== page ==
labath added a comment.
In https://reviews.llvm.org/D46588#1102363, @aprantl wrote:
> > The advantage of the second one is that we will have the ability to
> > inject commands which depend on the results of previous commands (something
> > that I think we will need, sooner or later).
> That is worth considering. To write good tests that depend on previous
> results, we probably want to have SBAPI-like Python scripting for lldb-mi
> available. To make that work we would need to introduce an
> lldbmi.HandleCommand("-mycmd...") interface that runs one command, blocks on
> it, and returns the output in a string. And then we would need to export that
> to Python. Since the interface is string-in-string-out, we could probably do
> it via C without even involving SWIG. As an escape hatch to access features
> outside of the mi command set, we could implement the -interpreter-exec mi
> command that passes its input to SBAPI's HandleCommand() if need be.
> Alternatively we could use gtest to write unittest-style lldb-mi tests
> directly in C++, if going via Python is too messy. Again, we would do that in
> a blocking or synchronized I/O mode.
I agree with your analysis. I don't want to give an opinion on the direction,
a) it's not clear to me which way to go, each possibility has different
b) I don't see myself doing anything related to lldb-mi any time soon
What I can offer as an additional data point is the lldb-server test suite.
lldb-server very similar to lldb-mi in a way, as it has an almost-text-based
protocol as its main form of interaction with the world. We also have two ways
of testing it: a python one (`test/testcases/tools/lldb-server` and a gtest one
(`unittests/tools/lldb-server`). the python one is older, but a bit messy
(IMO). The gtest one was started because we had a person interested in
improving lldb-server testing situation. I supported starting a fresh sub-test
suite, because I saw it as a way to solve a couple some fundamental issues in
the old one:
- code duplication: the python test suite needs a complete reimplementation of
the gdb-remote protocol. the c++ test can just hook it to the existing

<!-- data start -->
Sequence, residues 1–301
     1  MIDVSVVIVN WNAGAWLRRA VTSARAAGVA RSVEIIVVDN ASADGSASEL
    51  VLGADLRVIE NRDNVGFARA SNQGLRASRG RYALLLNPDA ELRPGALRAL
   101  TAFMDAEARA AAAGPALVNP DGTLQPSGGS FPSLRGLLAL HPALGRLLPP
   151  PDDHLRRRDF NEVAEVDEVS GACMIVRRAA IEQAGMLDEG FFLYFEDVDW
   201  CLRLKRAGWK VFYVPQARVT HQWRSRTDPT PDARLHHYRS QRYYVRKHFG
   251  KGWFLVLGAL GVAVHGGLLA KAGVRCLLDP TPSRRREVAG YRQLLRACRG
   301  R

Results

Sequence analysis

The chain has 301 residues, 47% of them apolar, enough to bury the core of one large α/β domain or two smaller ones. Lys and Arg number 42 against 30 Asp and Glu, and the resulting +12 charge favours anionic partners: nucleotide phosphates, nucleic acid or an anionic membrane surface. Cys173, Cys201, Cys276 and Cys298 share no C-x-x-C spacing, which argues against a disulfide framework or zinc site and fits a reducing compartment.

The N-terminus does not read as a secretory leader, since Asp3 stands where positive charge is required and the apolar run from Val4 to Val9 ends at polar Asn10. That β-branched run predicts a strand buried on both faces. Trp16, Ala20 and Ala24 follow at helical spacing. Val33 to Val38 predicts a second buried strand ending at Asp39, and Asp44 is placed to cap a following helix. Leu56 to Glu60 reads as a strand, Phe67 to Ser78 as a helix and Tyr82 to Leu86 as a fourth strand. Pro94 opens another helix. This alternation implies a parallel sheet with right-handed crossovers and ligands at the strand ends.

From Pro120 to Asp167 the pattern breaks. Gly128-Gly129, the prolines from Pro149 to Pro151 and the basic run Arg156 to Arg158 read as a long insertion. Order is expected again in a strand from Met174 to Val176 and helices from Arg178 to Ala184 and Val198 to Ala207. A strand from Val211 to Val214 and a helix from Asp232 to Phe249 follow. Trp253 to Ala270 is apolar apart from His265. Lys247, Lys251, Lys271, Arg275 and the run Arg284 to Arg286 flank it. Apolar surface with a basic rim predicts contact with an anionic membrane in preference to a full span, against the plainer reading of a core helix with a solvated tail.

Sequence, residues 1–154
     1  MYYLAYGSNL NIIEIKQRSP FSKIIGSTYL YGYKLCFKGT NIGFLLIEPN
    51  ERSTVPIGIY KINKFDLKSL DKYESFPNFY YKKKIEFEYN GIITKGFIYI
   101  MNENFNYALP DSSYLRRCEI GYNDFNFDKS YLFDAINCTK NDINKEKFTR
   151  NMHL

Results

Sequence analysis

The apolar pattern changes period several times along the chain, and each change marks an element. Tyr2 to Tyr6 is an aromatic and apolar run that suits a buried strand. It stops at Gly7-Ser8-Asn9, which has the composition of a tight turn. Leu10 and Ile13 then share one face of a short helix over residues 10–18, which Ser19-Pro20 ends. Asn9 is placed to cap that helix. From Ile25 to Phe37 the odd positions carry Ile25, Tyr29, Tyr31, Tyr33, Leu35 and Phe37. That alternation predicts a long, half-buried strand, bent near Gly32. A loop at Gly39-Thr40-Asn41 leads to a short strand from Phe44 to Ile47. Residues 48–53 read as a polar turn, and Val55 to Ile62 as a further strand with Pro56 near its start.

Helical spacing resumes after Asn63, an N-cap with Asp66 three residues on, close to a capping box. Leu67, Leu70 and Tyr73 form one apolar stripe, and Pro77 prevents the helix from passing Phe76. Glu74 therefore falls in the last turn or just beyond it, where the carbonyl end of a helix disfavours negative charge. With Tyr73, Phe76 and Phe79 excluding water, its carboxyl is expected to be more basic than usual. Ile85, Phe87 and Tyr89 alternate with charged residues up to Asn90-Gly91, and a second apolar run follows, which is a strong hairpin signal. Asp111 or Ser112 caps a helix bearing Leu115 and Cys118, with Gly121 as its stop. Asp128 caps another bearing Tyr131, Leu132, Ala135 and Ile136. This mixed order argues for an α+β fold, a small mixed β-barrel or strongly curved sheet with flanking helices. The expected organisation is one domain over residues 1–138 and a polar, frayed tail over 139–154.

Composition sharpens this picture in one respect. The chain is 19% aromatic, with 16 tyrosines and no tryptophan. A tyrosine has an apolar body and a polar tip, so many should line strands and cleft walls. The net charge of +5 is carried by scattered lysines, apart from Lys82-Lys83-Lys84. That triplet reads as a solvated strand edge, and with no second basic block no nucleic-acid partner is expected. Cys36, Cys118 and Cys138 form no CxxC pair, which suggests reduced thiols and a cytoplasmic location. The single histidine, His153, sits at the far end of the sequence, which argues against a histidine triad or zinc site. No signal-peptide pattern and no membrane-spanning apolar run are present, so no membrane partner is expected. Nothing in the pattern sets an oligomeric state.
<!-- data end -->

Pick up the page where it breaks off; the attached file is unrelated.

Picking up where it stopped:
functionality at an appropriate layer.
- remote testing mess: a very convoluted setup is required to run tests on a
remote (android) device. It's weird that you have to build a host lldb and run
the tests from there, even though the lldb-server and the executables it debugs
run on a different host/arch. The python part of the test needs to run on the
host (there's no easily available python for android), so there's a lot of
flakyness and complexity coming from the port forwarding/network communication).
The c++ based approach could solve these, as the gtest executable could run on
the same device as the lldb-server under test, and it would be possible to run
the tests via check-lldb(-server?) from the cross-build tree instead of copying
things around between two build trees.
Sadly, the person who was supposed to do this left the team. I have tried to
carry this idea on slowly, but haven't yet gotten around to implementing the
most important part (running tests remotely), so I couldn't start migrating the
tests. In retrospect, I am less excited about this idea than I was a year ago,
though I still think it would offer a better testing story for lldb-server.
Overall, I am not sure how much of this relates to lldb-mi (for example, you
probably aren't interested in running it in such a constrained environment),
but I thought it might be interesting for you to look at these before deciding
on a direction. I also don't want to hold up Alexander's internship over this,
as I'm not sure this is what he signed up for. I wanted to bring up the testing
story, because I think there are some issues there, but I'll leave it up to you
(for some definition of "you") to decide on what to do about that.
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